Mansell unseated from first two races

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The Independent Online
McLaren-Mercedes have confirmed that Nigel Mansell will miss the first two races of the Formula One world championship because he cannot sit comfortably in their new car.

They abandoned hopes of modifying the cockpit and decided to build a new chassis for Mansell. That should be ready for the San Marino Grand Prix, at Imola, on 30 April. Another British driver, 28-year-old Mark Blundell, will deputise in Brazil, tomorrow week, and in Argentina, a fortnight later.

McLaren said in a statement from their Woking headquarters: "The team's recently-launched car incorporated a number of innovative features and had been designed prior to the decision that Nigel would drive for McLaren. On Nigel's test of the car at Estoril [Portugal], he and the team realised that he could not achieve a comfortable driving position in the car and that this would compromise his performance.

"Thus McLaren has decided to develop a new chassis for Nigel. Once completed, it will have to undergo rigorous FIA structural and impact testing and will therefore not be available until after the first two races."

But despite the loss of arguably the most charismatic driver in Formula One, the McLaren team spokesman, Norman Howell, remained positive. Speaking on BBC TV, he said: "You can't really start a season assuming you will win the world championship.

"You hope to win as many races as possible and if you can put your package together and your strategy together with your drivers, you may win the world championship. The car was designed around Mika Hkkinen. Mansell was not an option until late in the design process of the car so we carried on with the design for Mika.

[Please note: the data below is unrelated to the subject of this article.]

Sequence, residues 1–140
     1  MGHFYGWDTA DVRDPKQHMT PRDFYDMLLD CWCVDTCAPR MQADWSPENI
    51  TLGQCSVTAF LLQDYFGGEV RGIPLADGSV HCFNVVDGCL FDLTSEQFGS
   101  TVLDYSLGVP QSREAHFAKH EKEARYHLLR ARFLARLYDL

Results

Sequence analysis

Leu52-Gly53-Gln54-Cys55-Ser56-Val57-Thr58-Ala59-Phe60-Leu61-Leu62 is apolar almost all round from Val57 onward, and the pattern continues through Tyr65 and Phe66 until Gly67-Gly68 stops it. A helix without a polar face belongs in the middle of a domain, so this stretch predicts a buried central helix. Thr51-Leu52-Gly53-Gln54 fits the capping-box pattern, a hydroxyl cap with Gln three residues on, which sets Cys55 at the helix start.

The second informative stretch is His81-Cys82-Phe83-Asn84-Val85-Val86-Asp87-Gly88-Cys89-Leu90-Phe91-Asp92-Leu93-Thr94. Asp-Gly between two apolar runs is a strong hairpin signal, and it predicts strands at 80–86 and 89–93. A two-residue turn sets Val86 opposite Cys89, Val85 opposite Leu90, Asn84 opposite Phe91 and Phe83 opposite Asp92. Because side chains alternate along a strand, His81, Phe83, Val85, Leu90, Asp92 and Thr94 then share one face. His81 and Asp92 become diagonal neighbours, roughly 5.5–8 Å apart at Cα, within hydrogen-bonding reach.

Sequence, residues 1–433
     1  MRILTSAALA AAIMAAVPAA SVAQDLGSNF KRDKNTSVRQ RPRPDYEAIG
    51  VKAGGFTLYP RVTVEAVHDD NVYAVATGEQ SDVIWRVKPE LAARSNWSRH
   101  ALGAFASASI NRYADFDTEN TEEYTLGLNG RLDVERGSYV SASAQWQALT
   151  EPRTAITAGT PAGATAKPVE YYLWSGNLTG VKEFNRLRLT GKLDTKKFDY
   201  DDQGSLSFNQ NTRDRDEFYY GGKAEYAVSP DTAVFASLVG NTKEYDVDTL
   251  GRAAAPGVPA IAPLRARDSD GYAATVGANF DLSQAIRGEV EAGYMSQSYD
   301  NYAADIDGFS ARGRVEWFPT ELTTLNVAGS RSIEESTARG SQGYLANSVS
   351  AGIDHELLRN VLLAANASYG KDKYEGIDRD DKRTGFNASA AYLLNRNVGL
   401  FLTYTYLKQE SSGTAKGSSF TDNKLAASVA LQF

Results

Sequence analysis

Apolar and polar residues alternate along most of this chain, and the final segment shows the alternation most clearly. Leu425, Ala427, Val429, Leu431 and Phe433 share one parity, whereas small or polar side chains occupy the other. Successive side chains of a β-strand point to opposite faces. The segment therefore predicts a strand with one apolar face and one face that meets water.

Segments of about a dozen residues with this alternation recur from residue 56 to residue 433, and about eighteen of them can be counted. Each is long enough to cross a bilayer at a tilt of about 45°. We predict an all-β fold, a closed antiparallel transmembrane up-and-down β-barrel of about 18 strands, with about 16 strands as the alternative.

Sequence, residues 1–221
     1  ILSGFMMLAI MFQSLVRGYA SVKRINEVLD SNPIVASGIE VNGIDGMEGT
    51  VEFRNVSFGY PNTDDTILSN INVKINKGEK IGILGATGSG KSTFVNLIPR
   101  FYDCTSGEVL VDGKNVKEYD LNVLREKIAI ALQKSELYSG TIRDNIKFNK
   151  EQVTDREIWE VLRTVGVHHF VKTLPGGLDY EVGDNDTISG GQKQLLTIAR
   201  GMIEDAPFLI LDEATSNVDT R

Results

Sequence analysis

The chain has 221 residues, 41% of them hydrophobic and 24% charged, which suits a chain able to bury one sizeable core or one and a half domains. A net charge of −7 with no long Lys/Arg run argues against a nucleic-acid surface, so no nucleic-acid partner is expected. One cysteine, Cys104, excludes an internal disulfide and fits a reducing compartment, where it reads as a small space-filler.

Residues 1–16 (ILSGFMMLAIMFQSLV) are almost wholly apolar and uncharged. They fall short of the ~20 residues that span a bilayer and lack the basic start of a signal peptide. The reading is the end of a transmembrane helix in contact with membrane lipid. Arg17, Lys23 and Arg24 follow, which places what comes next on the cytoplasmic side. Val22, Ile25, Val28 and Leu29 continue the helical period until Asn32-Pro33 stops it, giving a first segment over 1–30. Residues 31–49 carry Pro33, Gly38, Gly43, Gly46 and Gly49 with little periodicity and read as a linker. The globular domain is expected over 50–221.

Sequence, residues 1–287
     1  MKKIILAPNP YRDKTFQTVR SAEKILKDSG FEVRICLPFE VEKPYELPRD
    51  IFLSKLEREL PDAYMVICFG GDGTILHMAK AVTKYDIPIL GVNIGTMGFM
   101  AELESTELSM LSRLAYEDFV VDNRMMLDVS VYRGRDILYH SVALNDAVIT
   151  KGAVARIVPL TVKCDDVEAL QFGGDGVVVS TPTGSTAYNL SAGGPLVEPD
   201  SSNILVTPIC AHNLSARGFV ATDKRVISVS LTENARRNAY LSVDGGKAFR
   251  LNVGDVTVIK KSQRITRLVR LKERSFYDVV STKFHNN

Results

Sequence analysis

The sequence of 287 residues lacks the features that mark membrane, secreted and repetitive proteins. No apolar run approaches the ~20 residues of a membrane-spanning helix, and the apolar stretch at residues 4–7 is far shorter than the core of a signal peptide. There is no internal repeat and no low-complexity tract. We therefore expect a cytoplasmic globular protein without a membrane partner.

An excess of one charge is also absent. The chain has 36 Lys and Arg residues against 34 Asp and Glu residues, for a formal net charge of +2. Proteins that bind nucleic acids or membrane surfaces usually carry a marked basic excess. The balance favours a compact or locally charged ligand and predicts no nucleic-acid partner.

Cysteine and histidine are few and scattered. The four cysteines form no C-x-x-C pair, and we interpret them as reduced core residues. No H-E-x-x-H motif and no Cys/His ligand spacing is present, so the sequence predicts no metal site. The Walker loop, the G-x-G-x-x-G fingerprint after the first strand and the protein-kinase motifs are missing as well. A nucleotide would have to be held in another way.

"Mansell had a seat fitting in the factory and professed himself to be quite comfortable. He went to Estoril for testing, but driving a car at 200mph is quite different from sitting in a factory doing a seat test."

Mansell told the team in no uncertain terms that he was unhappy about the cockpit during testing at Estoril but it is understood he was equally dismayed with the car's handling. The feeling is that he might have tolerated some discomfort if the car had been more competitive.

McLaren designed the car to accommodate not only the slimmer dimensions of Hkkinen, of Finland, but the Scot they hoped to sign, David Coulthard, who subsequently joined Williams-Renault after a contract dispute.

Coulthard is now a relieved young man. While Mansell and McLaren have been struggling, Coulthard, and his partner at Williams, Damon Hill, have been setting consistently quick times in testing. Williams, in fact, appeared the best-prepared team going into the season and should provide the main opposition for the world champion, Michael Schumacher.

Coulthard, speaking at Williams' factory in Didcot, yesterday, said: "Had I gone to McLaren I would have been in a much less competitive position but I have no doubt that if any team can solve these problems, McLaren can. I am looking forward to racing against Nigel. He was a hero of mine and it will be very educational.

"When he is not racing, it will be one less to battle with but it would be nice to run wheel-to-wheel with him and see what happens. The positive thing is that this is a lifeline for Mark Blundell.

"I think if the car had been the quickest Nigel would drive it. He wants to be back not just to compete but to win and that's part of the thing. The championship's not gone for him but it's not going to be easy to make up two lost races. If anyone can come back from this, though, Nigel can."